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Transition Pasadena aims to repair what's broken: Larry Wilson





<b>May 24, 2016</b> - Transitions Pasadena has a hand-on approach to change as exemplified by the Pasadena Repair Cafe.


Larry Wilson, Public Editor


Pasadena Star-News


We get houseproud enough when a local organization is doing good stuff for the community, but when one gets international recognition, we ought to shout it to the rooftops.

That’s what I’m doing about the Pasadena Repair Cafe, a grassroots effort that is one of the worldwide loving-hands-at-home projects recently celebrated in a book called “21 Stories of Transition,” as “harvested” by Rob Hopkins, a British social activist.

A quote from a happy participant pretty much says it all: “I can’t believe the guy who built the Mars Rover just repaired my electric shaver!”

But believe it or nuts, ’cause that’s what happened at the Repair Cafe as set up by Transition Pasadena after cofounder Therese Brummel heard in 2010 about a similar effort in the Netherlands. Great tinkerers, including at least one JPL engineer, made themselves available to fix household items that had seen better days — a rarity in our throw-away society in which once something stops working well, we often chuck it.

Transition Pasadena has also created the Throop Church Learning Garden along with workshops on low-energy living, mulching your garden, fruit trees in public places with food for the picking and how to create a cooler roof for your home.

Asked by the book’s editors how the Repair Cafe found its repairers, Pasadena neighborhood activist Sylvia Holmes replied, “We just ask. There’s the San Gabriel Valley Hackers, people who work at Caltech ... they come. People just know people. They make it fun.”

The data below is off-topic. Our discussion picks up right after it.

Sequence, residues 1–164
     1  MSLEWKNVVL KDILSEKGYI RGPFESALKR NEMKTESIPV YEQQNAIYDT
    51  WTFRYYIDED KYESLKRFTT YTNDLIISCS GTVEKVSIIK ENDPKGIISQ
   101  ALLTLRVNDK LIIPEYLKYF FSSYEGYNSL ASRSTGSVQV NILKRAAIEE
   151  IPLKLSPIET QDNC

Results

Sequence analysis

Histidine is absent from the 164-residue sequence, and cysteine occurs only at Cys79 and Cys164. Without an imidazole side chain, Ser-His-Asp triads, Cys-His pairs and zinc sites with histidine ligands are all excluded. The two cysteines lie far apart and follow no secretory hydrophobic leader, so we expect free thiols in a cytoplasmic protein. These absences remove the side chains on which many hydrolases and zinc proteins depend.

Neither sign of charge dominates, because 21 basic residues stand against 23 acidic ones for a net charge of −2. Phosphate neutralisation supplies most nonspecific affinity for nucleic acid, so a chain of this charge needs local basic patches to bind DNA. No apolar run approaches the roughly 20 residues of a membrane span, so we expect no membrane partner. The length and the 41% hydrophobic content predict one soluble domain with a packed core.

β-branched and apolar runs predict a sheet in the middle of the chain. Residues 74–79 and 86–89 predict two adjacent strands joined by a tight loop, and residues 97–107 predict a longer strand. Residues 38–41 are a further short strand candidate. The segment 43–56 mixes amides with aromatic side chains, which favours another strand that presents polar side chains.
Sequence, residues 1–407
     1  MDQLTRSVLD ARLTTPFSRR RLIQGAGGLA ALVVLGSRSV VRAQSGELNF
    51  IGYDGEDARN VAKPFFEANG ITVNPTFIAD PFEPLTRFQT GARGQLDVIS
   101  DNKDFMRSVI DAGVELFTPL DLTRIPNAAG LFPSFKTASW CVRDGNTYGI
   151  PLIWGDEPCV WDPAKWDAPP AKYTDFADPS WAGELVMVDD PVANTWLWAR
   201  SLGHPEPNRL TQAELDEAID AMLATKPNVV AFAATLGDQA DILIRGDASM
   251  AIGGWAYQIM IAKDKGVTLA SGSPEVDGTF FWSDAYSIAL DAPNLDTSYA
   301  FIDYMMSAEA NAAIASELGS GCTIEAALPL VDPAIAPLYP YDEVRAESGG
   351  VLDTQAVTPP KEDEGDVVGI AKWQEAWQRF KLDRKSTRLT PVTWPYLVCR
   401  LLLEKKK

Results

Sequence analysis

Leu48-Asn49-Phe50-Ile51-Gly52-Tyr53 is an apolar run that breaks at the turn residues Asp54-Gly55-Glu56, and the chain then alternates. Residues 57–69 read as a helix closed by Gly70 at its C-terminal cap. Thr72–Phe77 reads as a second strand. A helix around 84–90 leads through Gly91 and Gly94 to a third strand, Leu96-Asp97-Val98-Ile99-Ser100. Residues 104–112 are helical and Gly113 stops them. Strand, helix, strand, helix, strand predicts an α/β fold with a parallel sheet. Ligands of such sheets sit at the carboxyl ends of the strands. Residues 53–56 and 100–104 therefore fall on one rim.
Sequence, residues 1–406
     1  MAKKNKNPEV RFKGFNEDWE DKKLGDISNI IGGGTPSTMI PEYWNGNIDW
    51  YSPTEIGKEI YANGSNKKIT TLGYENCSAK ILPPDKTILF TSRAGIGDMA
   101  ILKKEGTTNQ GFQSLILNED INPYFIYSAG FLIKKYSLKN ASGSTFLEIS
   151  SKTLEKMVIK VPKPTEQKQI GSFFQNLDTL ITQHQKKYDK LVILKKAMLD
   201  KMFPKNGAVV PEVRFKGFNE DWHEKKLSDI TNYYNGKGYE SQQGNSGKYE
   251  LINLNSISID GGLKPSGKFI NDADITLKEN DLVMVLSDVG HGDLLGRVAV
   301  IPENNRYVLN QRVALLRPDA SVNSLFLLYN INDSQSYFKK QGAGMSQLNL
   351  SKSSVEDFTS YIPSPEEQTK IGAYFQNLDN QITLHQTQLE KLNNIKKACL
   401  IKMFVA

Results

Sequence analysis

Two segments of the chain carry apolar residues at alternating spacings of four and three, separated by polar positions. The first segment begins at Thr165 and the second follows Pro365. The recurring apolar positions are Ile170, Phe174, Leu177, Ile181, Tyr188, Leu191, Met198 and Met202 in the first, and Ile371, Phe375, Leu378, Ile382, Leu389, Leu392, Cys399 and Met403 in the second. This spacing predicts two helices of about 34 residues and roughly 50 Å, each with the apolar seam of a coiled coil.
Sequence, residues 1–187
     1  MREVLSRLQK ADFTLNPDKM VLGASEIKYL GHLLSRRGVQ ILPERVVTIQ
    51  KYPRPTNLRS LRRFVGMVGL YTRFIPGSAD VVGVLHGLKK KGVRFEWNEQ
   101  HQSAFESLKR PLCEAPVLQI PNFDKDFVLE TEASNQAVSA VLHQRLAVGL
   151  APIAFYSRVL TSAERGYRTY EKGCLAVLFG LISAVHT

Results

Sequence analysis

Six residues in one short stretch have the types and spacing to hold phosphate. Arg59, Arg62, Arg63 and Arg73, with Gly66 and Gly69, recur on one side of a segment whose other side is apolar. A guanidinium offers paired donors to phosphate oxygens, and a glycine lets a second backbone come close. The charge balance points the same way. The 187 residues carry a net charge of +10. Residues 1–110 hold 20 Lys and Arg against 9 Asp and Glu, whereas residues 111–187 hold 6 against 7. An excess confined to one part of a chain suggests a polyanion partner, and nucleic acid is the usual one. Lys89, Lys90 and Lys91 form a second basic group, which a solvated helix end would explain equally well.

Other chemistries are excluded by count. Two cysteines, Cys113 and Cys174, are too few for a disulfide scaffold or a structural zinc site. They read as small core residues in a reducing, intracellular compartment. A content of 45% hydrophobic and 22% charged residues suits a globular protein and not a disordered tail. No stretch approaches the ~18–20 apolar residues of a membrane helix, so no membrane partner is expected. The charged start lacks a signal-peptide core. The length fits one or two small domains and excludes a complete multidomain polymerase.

Member Laurel Beck added: “You feel part of a community that is getting on and doing things, and recycling. There’s a sense of welcome. ... We’re glad to see people when they show up with their broken stuff.”

I had coffee with Sylvia, a neighbor and longtime friend of mine and daughter of the wonderful late Pasadena Mayor John Crowley, recently at Lincoln Cafe, and she was both proud of the group’s recognition and wishing to spin it forward. In the last five years the diverse group has logged over 6,000 volunteer hours, screened and created dozens of small-scale local projects.

“We’ve learned to be careful about how many ideas we have, because they are a lot of work,” she told the editors.

She’s got that right. But how nice to be recognized for that work along groups from 15 countries that fit into the low-key Transition movement’s ideal of small-scale experiments in doing things right “at a practical and meaningful level.” Here’s the attitude they share about getting help from officials, as expressed by Peter Capener of Bath, England: “We don’t need governments to show us how to make the changes we need, but we do need governments to work with us to create the conditions within which change can flourish.”

For more information on how to get involved, go to

Monday evening at Westridge School, the annual Golden Arrow awards were bestowed by Pasadena Beautiful on 36 homeowners who have made their gardens grow in wonderful ways. I love the manner in which the volunteers decide the winners: The city is divided into nine districts, and two members drive every street within each to pick out the beauties, many of which have gone xeriscapey in the ongoing dryness. A winner at 830 N. Pasadena Ave. said: “It started a few years ago when my husband tried to get rid of some weeds and went too far. But now our garden reflects my personality: drought-tolerant!” Another gardener who had been working for some time joked: “I was expecting a Golden Arrow about 20 years ago, but I guess I had to tear out my grass to get it!” Like the MacArthur “genius” awards, you can’t apply; you just do good and wait. A full list of winners will be posted soon at

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